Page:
The foundations of talent management that underpin these activities are often formed by a combination of resources, such as role profiles, HR databases, training and development provisions, internal/external coaches and mentors, executive search functions, and the data kept and maintained in a responsible manner (in line with data protection laws, for instance). Most importantly, your biggest resource (your managers and leaders) are a part of these activities and their engagement will shape its effectiveness. Let’s consider some examples. How might talent management activities be implemented in three different types of organizations?
A large, multinational financial services organization employing 30,000 people.
Talent management here is dominated by developing and bringing in the brightest, freshest talent. Identifying and nurturing the next tranche of high performers is the central aim, with graduate recruitment programs, targeted assessment for key roles and comprehensive training, development, and job rotation activities in order to get high potentials up to high performer status. Mobility is also important. Operating globally, this organization needs to identify its global leaders of tomorrow, those with the potential to successfully lead operations in one or any of its many overseas businesses. A balance is sought between sourcing talent locally, and expatriating leaders from headquarters.
A small local authority employing 350 people.
Significant budget cuts have had a severe impact on recruitment and development activities. The organization is in a constant state of change and everyone is being asked to ‘do more with less.’ The HR department has held a series of discussions with the senior management team to identify which roles are mission-critical and are in the process of using 360 degree feedback and performance management information to identify potential successors to these roles. They have created an internal ‘talent pool’ that consists of those who constantly exceed expectations and perform at a higher than average level. The talent pool cohort meets on a regular basis with the aims of sharing learning and experience, brainstorming issues and problems, co-coaching each other, and carrying out specific organizational projects. Where possible, key positions are filled from within the talent pool.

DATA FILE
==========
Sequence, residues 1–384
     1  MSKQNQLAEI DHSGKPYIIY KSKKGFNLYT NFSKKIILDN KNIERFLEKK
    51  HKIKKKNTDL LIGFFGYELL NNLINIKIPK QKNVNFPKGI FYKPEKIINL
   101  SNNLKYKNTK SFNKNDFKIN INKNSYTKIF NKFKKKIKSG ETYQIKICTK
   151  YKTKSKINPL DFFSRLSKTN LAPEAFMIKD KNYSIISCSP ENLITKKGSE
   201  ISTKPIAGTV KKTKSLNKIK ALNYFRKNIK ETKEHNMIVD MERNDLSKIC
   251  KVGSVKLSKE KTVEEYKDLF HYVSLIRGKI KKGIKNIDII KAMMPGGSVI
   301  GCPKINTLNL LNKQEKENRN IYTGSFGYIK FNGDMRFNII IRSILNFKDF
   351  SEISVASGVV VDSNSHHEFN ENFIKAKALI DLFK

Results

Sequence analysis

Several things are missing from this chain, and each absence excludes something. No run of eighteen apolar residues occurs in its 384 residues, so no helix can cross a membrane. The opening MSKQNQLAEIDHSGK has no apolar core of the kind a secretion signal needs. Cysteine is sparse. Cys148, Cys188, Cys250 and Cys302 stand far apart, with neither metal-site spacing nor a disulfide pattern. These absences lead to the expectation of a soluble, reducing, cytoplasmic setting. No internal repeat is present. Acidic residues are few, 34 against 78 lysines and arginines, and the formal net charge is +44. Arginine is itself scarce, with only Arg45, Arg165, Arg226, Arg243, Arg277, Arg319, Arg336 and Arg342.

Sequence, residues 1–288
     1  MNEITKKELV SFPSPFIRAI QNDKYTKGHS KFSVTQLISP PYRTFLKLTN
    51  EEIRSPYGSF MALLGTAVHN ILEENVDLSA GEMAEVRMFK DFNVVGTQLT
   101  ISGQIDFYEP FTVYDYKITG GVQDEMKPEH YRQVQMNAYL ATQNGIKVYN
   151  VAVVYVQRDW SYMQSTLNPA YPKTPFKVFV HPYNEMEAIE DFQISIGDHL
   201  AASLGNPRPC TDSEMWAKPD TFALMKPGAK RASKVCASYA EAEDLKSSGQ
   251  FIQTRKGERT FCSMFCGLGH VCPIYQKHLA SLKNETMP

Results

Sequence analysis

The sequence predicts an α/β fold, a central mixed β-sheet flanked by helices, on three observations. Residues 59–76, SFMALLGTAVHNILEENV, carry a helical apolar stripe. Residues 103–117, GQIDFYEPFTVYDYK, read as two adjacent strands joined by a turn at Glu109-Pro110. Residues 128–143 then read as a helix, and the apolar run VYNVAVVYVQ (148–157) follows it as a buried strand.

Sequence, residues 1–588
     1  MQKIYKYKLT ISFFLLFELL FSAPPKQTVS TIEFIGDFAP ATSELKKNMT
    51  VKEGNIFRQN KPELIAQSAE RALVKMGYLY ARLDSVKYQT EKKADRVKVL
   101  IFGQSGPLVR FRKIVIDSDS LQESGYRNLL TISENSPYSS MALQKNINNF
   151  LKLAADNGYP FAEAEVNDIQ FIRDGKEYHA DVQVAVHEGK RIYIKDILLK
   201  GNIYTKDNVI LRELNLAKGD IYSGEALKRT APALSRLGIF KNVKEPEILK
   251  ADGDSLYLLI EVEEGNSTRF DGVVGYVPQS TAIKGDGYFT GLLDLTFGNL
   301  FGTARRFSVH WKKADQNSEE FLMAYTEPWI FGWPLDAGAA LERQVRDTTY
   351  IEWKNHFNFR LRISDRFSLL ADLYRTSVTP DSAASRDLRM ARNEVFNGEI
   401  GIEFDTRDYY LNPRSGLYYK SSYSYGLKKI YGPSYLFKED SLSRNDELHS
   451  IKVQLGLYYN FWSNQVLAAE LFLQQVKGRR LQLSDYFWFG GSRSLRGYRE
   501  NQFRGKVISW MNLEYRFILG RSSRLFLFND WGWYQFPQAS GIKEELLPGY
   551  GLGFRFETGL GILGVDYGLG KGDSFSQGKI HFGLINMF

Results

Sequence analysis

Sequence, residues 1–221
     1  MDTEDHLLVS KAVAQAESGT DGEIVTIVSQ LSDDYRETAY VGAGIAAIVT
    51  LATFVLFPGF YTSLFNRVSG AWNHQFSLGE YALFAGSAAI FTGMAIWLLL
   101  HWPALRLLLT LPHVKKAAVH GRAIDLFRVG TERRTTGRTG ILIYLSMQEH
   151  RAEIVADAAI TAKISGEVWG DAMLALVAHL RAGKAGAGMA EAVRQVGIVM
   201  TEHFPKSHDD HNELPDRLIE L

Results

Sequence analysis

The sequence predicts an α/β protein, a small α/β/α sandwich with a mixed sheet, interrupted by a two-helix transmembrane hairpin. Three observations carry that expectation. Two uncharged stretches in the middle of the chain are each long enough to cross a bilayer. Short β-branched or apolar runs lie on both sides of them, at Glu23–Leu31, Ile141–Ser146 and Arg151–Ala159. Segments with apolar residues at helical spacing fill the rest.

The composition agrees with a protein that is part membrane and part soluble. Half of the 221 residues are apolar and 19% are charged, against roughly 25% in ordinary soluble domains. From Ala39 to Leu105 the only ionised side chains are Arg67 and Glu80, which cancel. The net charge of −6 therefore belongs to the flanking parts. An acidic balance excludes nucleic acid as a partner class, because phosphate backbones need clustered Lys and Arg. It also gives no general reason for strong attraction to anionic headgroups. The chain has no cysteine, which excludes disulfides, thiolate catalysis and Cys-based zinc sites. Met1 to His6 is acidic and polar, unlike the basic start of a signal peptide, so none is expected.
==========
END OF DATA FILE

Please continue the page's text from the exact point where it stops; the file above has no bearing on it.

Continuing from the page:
A small, family-owned business that buys and distributes wine.
Turnover tends to be low, and there is little churn, particularly at senior levels. The HR department consists of one person and the organization is just starting to think about how it is going to survive the impending retirement of the CEO. They have conducted research and developed a competency framework and are aligning their recruitment to sales and administrative roles in line with this. The challenge is now to identify potential successors from within and outside the business to the top three roles. The HR partner is drawing up role profiles for all jobs, incorporating aspects of the new competency framework. They have engaged the support of a small local consultancy to help them run a series of development centers to help identify any potential future managers, and they are putting in place a series of short management skills workshops. They are also considering a job-shadowing program, where people at all levels will be accompanying the CEO on his trips. Knowledge management is an issue—the CEO is the one who has built and maintained the majority of the client relationships and who also has in-depth understanding of the wine-buying process. The HR partner is now focusing on distilling this knowledge and ensuring that others can continue to grow the company.
It is worthwhile assessing your organization in terms of its talent management maturity by asking yourself some questions:
- How does your organization currently fill key positions?
- How successful are your recruitment efforts?
- Do you have a company-specific, up-to-date competency framework?
- If you have a competency framework, how do you know it does what it needs to do?
- Do you know who will take over key positions once they become vacant?
- How well aligned is your performance management process to the strategic aims and plans of the organization?
- How often do people get feedback within the organization, and what is the quality of the feedback they get?
- How do people get promoted? Are there consistent, fair, and transparent processes in place to support movement within and upwards in the company?
- Who are the best people in your organization?
- What are you doing to keep these individuals?
With this information, locate your organization on the chart below and we will futher explore these phases in our next post.